The theory of constitutional pluralism as advanced by MacCormick and Walker witnessed immense success in its attempt to explain the relationship between courts of Member States performing constitutional review and the Court of Justice. Despite its success, the theory has often been criticized for its lack of normative prescriptions and legal certainty in resolving the question of the final arbiter in the EU. It is the aim of this Article to address and move beyond these criticisms by introducing and exploring the auto-correct function necessary for the proper and balanced functioning of the pluralist system.
The auto-correct has the function of preventing an outbreak of conflict between the constitutional jurisdictions involved—in the EU judicial architecture, an awareness on the part of all the actors involved of the benefits of a pluralist setting results in conflict management and control. The auto-correct function operates as follows: in the EU as we know it, issues prone to constitutional conflict arise regularly, and both the Court of Justice and national constitutional jurisdictions are able, through their respective procedural avenues, to control the extent of the conflict. There are also two legal imperatives driving this dynamic in two opposite directions—the principle of primacy of Union law on the one hand, and the obligation to respect the national identity of Member States on the other.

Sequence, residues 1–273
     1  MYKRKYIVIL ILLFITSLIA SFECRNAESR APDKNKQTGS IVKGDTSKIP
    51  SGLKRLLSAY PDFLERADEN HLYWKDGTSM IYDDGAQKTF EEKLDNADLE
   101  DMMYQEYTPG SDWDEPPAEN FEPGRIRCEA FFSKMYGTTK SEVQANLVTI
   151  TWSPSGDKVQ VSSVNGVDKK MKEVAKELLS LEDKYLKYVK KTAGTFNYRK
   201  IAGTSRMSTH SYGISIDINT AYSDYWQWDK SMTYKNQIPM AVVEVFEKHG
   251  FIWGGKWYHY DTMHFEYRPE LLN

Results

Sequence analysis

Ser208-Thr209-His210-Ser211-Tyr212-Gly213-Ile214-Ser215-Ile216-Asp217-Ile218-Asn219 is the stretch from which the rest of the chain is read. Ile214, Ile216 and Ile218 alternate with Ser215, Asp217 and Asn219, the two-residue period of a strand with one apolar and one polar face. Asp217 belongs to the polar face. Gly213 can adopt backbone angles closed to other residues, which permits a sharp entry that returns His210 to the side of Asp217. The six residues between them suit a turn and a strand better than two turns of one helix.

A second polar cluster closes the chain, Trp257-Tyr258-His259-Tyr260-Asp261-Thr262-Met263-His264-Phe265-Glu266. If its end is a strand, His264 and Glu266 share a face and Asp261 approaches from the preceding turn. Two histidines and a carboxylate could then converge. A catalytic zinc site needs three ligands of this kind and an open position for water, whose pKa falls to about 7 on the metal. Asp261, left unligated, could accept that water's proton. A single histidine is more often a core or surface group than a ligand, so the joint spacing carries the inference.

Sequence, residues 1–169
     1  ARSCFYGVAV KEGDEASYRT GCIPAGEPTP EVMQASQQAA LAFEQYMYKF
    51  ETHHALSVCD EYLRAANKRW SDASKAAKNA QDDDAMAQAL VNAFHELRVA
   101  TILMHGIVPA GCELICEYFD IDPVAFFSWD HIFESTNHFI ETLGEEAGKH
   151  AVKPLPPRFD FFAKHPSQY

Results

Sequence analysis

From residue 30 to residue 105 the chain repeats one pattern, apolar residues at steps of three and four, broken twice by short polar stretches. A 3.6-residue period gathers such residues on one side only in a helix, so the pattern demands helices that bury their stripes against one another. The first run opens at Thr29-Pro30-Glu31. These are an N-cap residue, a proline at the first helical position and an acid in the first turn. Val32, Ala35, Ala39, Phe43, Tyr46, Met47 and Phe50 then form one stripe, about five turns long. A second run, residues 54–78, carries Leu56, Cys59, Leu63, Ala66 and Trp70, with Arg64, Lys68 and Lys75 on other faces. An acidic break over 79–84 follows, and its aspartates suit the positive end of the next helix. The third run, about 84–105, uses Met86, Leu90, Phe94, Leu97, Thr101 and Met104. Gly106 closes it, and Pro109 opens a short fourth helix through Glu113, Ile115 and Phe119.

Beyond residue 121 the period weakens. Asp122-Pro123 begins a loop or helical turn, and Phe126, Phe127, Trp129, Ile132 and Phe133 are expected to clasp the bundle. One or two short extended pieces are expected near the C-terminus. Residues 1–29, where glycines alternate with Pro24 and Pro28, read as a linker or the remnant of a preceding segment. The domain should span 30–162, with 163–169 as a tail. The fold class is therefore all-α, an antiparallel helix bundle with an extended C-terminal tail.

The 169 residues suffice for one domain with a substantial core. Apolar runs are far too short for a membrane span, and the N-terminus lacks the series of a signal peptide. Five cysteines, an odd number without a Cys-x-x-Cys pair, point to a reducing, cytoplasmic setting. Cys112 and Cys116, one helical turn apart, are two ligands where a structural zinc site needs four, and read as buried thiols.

As analyzing judicial behaviour shows, the application of self-restraint and mutual accommodation avoids a clash between parallel sovereignty claims on EU and national levels. In particular, national and EU law interaction demonstrates the existence of in-built conditions for the auto-correct function's application, such as the principle of EU-friendly interpretation in national constitutional law, or the national identity clause in primary EU law. The auto-correct function manifests itself and brings about a balance between the different constitutional orders only through the interaction of parallel claims to sovereignty.